Things are getting very busy for us here at Studio Hacienda - we have made our first run of the 06/07 Hacienda Bracelet - photos are coming.
Better get back to work!
In the photo:
Klaus Moje's exhibition opening
Catrina Vignando - Director, Craft Australia
Me looking like a stunned mullet
Marian Hosking, the next artist to exhibit in the "Living Treasures" series at Object
and Marian's sister, Diana
Melbourne sure turned on the weather for the cup - it was freezing! On my way to the studio (wrapped in a jacket and scarf) I saw many summer clad punters heading towards Flemington, only to hear on the news this morning that six people were treated for hyperthermia...
We chose to stay indoors and make a start on our new run of Hacienda bracelets.
First of all we planned out the various steps and tried to figure out the most efficient way of doing things (much like Blanche was talking about in her previous posting). We carefully measured our miniature anodising tank and calculated we could fit 60 parts and 60 rivets in each run (enough for 30 bracelets). Then we set to work, making 150 rivets and a set of anodising jigs take a batch of 60 parts. It was fun to do it together as everything went twice as fast.
I am working towards a solo show at Sabbia Gallery in Sydney next February. These necklaces will be similar to ones on the home page of my website - have a squiz if you haven't already www.blanchetilden.com.au
I try to cut the glass for a few necklaces at the same to streamline the glass cutting process -and save some time with resetting the diamond saw. When making work using multiple components it's a good idea to plan out you work and think of the most time efficient ways of doing things - and to eliminate unnecessary movement, or over working the job.
This was one important aspect of making that I learnt during my traineeship with Susan Cohn. You can save yourself time and strain on your body by working efficiently - it really is worth taking the time to think the process through to the end, anticipate any hiccups, set your tools at the correct working height...all that stuff seems second nature to me now - but it wasn't when I began making components - the experience of making Cohn's production work helped to speed up my making skills, and improve my planning.
So, a few tips for making repetive parts, and these are tips I will use on this work,
- plan your work from beginning to end before you start, making sure you have enough material and the right tools, all set up securely and at the right height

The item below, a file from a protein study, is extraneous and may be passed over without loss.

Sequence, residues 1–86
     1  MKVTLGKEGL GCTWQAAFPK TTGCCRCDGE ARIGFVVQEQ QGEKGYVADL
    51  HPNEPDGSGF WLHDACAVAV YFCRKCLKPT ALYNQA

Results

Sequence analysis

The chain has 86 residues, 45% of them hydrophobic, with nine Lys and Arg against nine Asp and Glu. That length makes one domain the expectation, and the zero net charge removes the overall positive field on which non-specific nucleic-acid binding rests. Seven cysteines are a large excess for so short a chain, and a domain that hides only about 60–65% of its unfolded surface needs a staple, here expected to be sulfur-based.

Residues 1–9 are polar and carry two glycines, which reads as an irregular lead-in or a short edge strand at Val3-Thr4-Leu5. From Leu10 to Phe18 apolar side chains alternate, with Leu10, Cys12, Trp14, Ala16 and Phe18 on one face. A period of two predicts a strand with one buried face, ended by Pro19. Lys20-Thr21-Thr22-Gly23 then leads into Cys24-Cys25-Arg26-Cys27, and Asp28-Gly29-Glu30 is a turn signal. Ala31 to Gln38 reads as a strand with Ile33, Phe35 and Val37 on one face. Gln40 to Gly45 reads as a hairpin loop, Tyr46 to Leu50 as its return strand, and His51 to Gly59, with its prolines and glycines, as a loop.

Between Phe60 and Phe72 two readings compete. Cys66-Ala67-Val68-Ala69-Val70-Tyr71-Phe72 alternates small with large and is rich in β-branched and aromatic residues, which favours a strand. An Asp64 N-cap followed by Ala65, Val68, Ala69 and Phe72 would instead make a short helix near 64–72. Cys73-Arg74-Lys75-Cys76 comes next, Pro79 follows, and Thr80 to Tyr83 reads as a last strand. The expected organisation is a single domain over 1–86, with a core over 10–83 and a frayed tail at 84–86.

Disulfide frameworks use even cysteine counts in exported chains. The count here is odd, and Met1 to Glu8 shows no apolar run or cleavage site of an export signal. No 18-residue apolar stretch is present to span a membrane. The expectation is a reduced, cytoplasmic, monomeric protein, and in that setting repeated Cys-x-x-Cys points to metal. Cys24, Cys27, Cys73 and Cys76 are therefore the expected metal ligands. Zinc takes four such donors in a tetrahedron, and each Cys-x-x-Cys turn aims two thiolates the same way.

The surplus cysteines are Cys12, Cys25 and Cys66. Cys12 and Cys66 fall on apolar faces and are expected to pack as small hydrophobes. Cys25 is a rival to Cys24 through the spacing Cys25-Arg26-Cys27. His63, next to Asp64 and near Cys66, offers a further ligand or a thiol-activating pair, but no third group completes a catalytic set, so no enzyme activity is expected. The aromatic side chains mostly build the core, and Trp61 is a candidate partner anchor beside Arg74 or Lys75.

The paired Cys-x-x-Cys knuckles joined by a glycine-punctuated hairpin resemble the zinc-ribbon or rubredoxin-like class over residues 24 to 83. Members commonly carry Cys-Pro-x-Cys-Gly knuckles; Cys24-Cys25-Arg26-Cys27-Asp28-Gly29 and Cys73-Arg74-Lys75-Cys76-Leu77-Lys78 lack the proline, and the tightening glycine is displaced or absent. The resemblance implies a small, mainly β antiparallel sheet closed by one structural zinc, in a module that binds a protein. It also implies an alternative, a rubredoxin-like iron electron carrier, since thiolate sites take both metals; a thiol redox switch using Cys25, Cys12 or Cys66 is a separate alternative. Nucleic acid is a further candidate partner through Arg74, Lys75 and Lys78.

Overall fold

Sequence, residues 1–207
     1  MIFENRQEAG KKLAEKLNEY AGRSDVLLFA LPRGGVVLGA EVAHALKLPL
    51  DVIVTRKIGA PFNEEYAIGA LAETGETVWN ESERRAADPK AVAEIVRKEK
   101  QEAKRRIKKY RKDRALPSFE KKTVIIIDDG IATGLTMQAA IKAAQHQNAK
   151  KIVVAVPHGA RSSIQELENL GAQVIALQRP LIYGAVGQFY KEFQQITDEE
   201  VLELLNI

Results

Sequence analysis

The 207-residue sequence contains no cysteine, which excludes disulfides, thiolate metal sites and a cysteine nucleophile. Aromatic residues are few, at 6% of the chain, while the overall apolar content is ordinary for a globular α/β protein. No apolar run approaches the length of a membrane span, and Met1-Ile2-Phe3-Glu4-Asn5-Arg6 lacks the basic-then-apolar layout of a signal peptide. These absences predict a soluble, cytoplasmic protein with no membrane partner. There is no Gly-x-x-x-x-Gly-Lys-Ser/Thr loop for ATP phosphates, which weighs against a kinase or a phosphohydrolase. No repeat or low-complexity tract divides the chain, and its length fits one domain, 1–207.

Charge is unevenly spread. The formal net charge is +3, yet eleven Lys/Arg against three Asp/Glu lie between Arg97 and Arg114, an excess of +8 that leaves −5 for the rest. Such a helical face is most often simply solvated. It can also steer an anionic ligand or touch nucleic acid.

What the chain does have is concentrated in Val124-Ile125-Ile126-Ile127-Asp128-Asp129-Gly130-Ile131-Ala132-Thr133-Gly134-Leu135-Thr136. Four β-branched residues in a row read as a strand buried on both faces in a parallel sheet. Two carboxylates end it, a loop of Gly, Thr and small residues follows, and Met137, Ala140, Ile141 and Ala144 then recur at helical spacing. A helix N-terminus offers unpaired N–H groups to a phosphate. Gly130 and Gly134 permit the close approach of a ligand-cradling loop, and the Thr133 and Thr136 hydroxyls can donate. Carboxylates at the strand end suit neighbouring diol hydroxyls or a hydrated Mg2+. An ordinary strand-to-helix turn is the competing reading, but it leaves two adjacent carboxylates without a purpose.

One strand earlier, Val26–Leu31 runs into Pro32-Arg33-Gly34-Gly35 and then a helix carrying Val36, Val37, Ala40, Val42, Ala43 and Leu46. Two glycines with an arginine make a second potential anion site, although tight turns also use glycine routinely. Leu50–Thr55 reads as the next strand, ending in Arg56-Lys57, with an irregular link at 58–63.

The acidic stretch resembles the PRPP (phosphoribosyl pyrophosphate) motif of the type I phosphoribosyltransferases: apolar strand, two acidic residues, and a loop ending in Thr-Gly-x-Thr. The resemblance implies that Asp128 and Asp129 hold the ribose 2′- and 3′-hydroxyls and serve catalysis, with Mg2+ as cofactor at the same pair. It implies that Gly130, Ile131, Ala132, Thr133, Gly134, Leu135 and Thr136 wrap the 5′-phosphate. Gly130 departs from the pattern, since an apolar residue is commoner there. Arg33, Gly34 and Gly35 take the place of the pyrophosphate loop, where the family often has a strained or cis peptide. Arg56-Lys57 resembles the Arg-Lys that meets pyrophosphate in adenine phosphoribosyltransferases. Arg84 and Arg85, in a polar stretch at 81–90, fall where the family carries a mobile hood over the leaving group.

- group together tasks to increase your efficiency
- alternate between jobs - say one sitting for an hour, one standing for an hour - you use different muscles and so you don't get as tired
- take breaks, and if you start to make mistakes, leave it for another day - listen to your body
- s--t--r--e--t--c--h!!! or you will end up being cramped, pull muscles, get RSI etc
People have often asked me if I get bored making jewellery with with so many repeated parts - I treat it as a job that has to get done, I enjoy making things properly, I use the time to think through ideas. One good way of not to get bored is to see how many parts you get through in an hour - then try and beat it - speeds things up alot
Oh yeah, and don't get distracted by checking your email, phone calls, and gasbagging - studio time has the nasty habit of evaporating!
I've been working on a submission for an exhibiton organised by the Jewish Museum titled Australian Contemporary Design in Jewish Ceremony III. Today I made this model of a Menorah to be used in a Holocaust Memorial ceremony.
It has been really interesting to research for this proposal, and to design new work for a specific exhibition. Refering to the symbolism of Judaism has given this work a different focus.
I turned down each candle on the lathe to the right size for the scaled down model - it felt pretty weird to be making miniature candles, but doing this helped to get the feeling of the candleholders.
I am really looking forward to making this piece, as I am planning to make each white holder in "Pate de Verre', a glass technique I used at art school, and have always been interested in. Now I will have to dust off the cobwebs and remember how to do it all.